As we can see, on average a batsman top-scoring nowadays can be expected to score around 1,434 runs compared to 962 in the 1960s, an increase of around 49%. Therefore if we want to compare across the different times we’ll need to use something a bit smarter. And that something is called relative market share (or RMS for short).
RMS is used in the world of retail to determine a brand’s (or product/channel/whatever) competitive strength vs. its nearest competitor and is a slightly more complicated version of normal market share. We’ll use an example to illustrate this, based on cricket-related internet hits for 2012 and our best estimates for 2013:
As you can see from this data, we’re not really pushing the boat out with our growth estimates this year. Either way, in both 2012 and 2013 we reckon that 51allout will have a 50% share of the total cricket market. However, in 2012 we were pushed closely by Cricinfo, whereas in 2013 we reckon they’ll drop off a bit, presumably when the excitement over those hilarious cartoons wears off.
To calculate RMS for the market leader we simply do market leader/second place, so 50m/40m = 1.25 in 2012 and 50m/15m = 3.33 in 2013. The larger the relative market share number, the stronger the position in the market. As such, by the end of 2013 we’re expecting to be in a pretty dominant position. We’ll probably sell this website to ITV by then, allowing us all to retire to the West Indies and drink gin/rum cocktails all day.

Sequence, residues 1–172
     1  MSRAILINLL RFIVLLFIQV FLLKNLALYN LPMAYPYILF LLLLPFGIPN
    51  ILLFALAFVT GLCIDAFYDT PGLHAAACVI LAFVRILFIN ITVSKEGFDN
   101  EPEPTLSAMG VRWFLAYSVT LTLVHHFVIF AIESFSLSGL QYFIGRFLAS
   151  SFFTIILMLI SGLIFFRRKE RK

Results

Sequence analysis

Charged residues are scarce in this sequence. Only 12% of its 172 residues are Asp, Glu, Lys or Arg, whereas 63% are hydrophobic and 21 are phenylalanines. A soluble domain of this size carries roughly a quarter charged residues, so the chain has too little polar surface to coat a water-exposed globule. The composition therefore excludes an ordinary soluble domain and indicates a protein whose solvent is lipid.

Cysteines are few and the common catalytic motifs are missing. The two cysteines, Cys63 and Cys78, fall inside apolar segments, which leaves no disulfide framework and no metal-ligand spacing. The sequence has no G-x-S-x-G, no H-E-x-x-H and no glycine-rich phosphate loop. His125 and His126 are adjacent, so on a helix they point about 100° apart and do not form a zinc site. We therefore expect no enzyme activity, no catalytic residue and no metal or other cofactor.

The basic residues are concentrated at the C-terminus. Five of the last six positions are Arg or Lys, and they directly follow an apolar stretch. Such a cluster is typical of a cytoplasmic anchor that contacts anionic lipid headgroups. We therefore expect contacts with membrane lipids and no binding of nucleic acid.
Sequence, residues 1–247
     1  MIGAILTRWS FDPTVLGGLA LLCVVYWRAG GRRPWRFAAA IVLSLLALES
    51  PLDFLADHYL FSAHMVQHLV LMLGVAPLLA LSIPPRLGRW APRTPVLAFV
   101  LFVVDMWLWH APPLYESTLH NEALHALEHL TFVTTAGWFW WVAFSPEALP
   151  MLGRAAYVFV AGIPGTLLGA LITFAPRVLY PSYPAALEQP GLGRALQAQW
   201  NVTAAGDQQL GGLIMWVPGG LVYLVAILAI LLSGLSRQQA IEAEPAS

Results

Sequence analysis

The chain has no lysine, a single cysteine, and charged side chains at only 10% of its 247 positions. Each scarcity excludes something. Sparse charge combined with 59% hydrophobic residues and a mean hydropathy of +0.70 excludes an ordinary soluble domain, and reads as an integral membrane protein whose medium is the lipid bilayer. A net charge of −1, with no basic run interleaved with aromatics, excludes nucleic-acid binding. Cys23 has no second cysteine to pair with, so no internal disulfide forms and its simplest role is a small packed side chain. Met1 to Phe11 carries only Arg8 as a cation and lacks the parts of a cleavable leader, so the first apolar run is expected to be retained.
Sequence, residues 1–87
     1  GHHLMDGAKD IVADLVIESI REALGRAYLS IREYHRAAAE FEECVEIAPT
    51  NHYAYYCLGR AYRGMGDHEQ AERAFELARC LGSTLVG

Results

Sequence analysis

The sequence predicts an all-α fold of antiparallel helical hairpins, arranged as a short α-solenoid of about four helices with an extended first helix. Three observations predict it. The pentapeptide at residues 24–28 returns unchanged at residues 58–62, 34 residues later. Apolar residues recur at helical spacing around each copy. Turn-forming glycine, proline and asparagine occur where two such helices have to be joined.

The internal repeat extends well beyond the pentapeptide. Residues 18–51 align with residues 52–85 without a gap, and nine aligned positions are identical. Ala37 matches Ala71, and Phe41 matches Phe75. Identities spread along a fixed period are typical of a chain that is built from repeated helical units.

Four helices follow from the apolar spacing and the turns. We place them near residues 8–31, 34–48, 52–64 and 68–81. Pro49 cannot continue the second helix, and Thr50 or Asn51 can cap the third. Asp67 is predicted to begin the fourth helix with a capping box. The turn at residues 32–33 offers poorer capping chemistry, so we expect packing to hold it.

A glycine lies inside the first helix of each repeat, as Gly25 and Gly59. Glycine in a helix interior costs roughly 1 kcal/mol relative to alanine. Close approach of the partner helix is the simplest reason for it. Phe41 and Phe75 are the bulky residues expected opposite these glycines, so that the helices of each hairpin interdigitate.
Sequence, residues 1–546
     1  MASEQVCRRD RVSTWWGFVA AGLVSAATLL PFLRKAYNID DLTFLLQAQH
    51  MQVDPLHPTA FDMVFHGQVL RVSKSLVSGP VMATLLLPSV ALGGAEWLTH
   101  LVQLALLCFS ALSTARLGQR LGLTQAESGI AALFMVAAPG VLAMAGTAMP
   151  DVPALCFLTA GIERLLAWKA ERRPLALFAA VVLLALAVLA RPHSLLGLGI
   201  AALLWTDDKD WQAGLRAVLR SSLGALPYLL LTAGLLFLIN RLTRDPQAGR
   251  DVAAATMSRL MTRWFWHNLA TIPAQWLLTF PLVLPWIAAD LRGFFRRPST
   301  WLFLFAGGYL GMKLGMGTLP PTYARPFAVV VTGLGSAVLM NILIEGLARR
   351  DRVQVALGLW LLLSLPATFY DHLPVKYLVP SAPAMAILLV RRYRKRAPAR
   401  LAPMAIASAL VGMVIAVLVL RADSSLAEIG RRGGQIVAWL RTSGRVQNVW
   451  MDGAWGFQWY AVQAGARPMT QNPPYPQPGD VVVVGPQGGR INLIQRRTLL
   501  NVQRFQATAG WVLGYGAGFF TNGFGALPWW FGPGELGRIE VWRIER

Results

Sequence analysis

And what does this have to do with the top run-scorers in Test cricket each year? Well, we can actually use RMS to tell us something important, specifically how good the performance of said top run-scorer compares to the second best. We can then look at those with the highest RMS numbers to see those performances that noticeably stand out from their peers. Time for another chart:
Here we have the number of runs scored by the top scorer each year (the blue bar and the left hand axis) and their RMS (the red line and the right hand axis). We’re mostly interested in the peaks of the latter. At the far right we have Michael Clarke’s 2012, which has an RMS score of 1.28, which is decent but only the 12th best in our chart (due to Alastair Cook’s 1,249 runs over the same period). If we head back to 2006 we have a more impressive performance, with Mohammad Yousuf’s 1,788 runs more than 400 clear of second placed Kevin Pietersen.
The really interesting results are further back in the mists of time. Back in 1990 England had the top three scorers in the world. Graeme Gooch was the highest with 1,264 runs with Allan Lamb a distant second on 929. It was a similar story in 1978, with Sunil Gavaskar (1,099) miles ahead of Alvin Kallicharran (788), and 1976 where Viv Richards made an incredible 1,710 runs, 1.67 times as many as Gavaskar (1,024). And 1974’s men of achievement were Dennis Amiss (1,379) ahead of the late Tony Greig (934).
But the biggest RMS value is all the way back in 1963 where Ken Barrington made 1,015 runs and no-one else reached 600. Presumably they were all too busy thinking about the Beatles and celebrating Cameroon’s third birthday to build a proper innings.
So what has this taught us? Mainly that the top run-scorer of the year is a fairly meaningless accolade, given the vagaries of the Future Tours Programme. In the world of statistics life is all about ‘like for like’ comparisons, whereas this analysis is the exact opposite, focusing on some individual flourishes. We could look at the combinations of runs scored and RMS and try to draw some hard conclusions there, but we’re better off just using our intuition. And that tells us that while Michael Clarke had a superb year, it wasn’t quite up there with Mohammad Yousuf in 2006 or Viv Richards in 1976. Clarke’s year belongs in a second tier just below these top efforts. Which basically means you can shut up about it now Channel Nine, thank you very much.